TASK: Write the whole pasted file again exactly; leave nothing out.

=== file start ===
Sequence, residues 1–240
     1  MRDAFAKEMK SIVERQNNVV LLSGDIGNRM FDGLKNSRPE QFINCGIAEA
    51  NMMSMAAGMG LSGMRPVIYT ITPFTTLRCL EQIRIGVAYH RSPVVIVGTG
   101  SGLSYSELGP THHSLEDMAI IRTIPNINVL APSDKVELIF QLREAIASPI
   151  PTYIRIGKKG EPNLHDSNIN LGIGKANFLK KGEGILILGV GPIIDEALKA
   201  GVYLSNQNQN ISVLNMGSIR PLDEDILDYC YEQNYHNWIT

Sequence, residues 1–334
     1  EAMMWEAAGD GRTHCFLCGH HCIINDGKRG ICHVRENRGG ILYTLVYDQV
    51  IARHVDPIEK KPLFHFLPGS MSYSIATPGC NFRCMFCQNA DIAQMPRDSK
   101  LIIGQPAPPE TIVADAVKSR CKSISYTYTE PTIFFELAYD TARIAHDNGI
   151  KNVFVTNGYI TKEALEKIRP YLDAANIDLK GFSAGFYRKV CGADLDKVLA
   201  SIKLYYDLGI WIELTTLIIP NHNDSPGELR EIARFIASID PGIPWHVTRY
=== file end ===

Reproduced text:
Sequence, residues 1–240
     1  MRDAFAKEMK SIVERQNNVV LLSGDIGNRM FDGLKNSRPE QFINCGIAEA
    51  NMMSMAAGMG LSGMRPVIYT ITPFTTLRCL EQIRIGVAYH RSPVVIVGTG
   101  SGLSYSELGP THHSLEDMAI IRTIPNINVL APSDKVELIF QLREAIASPI
   151  PTYIRIGKKG EPNLHDSNIN LGIGKANFLK KGEGILILGV GPIIDEALKA
   201  GVYLSNQNQN ISVLNMGSIR PLDEDILDYC YEQNYHNWIT

Sequence, residues 1–334
     1  EAMMWEAAGD GRTHCFLCGH HCIINDGKRG ICHVRENRGG ILYTLVYDQV
    51  IARHVDPIEK KPLFHFLPGS MSYSIATPGC NFRCMFCQNA DIAQMPRDSK
   101  LIIGQPAPPE TIVADAVKSR CKSISYTYTE PTIFFELAYD TARIAHDNGI
   151  KNVFVTNGYI TKEALEKIRP YLDAANIDLK GFSAGFYRKV CGADLDKVLA
   201  SIKLYYDLGI WIELTTLIIP NHNDSPGELR EIARFIASID PGIPWHVTRY